In the military electronics field I worked in, twenty layer boards were pretty common even decades ago. No great problem producing fifty+ layer boards today, in fact the only practical limit is the board thickness you are prepared to accept. Not cheap though, and the consequences of making just a single mistake on the design of any one layer are astronomically expensive when you discover them in a mass production run!
 

DuncanS

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That's what the little spool of blue wire is for ...

;)
One of my designs needed a modification to make it work, so I wrote a 'simple' instruction something like "feed the insulated wire through the large via by X and solder either end to pin 1 of components Y & Z". The modified boards then went to the test department. I got a phone call can you come downstairs your modified boards keep blowing up! I wandered down, looked at the board and noticed the wire had been stripped, fed through the via, then the insulation fitted back (as PTFE really difficult to do!), so made conductive contact with the via which was a supply rail! I went to production and said why are you doing this? to be told why feed it through the via if you didn't want it to make contact, I said thats why the wire is insulated so it won't make contact (there was no other way to get the mod wire to the right point, 18-layer PCB), got blank looks! :eek: Made my instructions more 'complicated' from then on.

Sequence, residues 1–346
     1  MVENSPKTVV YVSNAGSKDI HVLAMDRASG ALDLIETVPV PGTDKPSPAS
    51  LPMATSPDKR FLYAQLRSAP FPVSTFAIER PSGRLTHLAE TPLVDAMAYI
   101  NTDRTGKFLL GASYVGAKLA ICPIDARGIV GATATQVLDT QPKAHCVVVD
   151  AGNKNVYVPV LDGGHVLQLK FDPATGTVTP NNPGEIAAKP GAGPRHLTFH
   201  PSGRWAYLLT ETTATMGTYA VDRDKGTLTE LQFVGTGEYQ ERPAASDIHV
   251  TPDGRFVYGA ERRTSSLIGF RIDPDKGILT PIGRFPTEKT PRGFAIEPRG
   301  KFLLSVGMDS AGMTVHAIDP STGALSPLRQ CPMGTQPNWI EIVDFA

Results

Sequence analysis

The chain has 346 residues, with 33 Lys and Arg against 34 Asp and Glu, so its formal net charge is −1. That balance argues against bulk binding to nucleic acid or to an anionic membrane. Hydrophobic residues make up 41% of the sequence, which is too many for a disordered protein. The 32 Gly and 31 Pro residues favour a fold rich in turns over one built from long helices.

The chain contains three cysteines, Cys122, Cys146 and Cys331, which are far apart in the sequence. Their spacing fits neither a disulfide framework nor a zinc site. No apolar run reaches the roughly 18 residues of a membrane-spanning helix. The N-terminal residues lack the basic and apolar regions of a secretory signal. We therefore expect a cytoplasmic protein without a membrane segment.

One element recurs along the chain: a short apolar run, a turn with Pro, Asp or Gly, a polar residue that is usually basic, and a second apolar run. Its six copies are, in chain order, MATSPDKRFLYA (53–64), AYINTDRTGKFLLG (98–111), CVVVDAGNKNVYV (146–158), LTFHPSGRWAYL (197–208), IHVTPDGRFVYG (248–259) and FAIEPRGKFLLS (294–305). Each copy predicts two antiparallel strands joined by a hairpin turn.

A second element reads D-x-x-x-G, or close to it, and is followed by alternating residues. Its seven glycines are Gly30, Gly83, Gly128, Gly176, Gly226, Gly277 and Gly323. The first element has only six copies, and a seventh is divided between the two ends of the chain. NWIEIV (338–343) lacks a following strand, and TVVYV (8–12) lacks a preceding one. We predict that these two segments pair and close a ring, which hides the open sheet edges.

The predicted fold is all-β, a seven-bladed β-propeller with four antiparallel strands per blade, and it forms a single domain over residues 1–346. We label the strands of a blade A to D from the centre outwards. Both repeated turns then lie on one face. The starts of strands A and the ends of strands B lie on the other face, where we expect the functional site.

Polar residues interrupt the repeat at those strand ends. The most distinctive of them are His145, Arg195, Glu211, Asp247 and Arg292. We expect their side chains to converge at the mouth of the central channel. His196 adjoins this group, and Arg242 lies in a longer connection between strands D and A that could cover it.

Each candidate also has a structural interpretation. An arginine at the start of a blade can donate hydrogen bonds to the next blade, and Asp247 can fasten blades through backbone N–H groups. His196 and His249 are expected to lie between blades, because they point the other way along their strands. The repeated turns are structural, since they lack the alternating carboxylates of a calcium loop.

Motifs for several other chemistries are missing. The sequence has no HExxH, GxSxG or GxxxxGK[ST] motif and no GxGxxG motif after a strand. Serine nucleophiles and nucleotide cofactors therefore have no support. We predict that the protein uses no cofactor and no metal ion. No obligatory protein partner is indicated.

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par4ken

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One of my designs needed a modification to make it work, so I wrote a 'simple' instruction something like "feed the insulated wire through the large via by X and solder either end to pin 1 of components Y & Z". The modified boards then went to the test department. I got a phone call can you come downstairs your modified boards keep blowing up! I wandered down, looked at the board and noticed the via had been stripped, fed through the via, then the insulation fitted back (as PTFE really difficult to do!), so made conductive contact with the via which was a supply rail! I went to production and said why are you doing this? to be told why feed it through the via if you didn't want it to make contact, I said thats why the wire is insulated so it won't make contact (there was no other way to get the mod wire to the right point, 18-layer PCB), got blank looks! :eek: Made my instructions more 'complicated' from then on.
I'm amazed when people can't follow very simple instructions. You have to make the instructions complicated so people won't overthink (and screw up) your simple ones!
 

elvi

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.. just try authoring behavioral specifications..

You have to define everything!!

So, lets get back on track.

I use the following process to correct failing via.
The SQD used a simple solder dot. No copper rivet or wire. The solder cracks when heated.
I suck out the old solder. I take very fine copper braid, and insert through the via. I do have to drill out the via.
Solder one side quickly, and try not to fill the braid with solder.
Flip the pwb, snip the braid and stuff/pack the via with a probe, and solder the 2nd side.
The braid will flex with pwb expansion.

Feel free to pass this rework technique on.

:)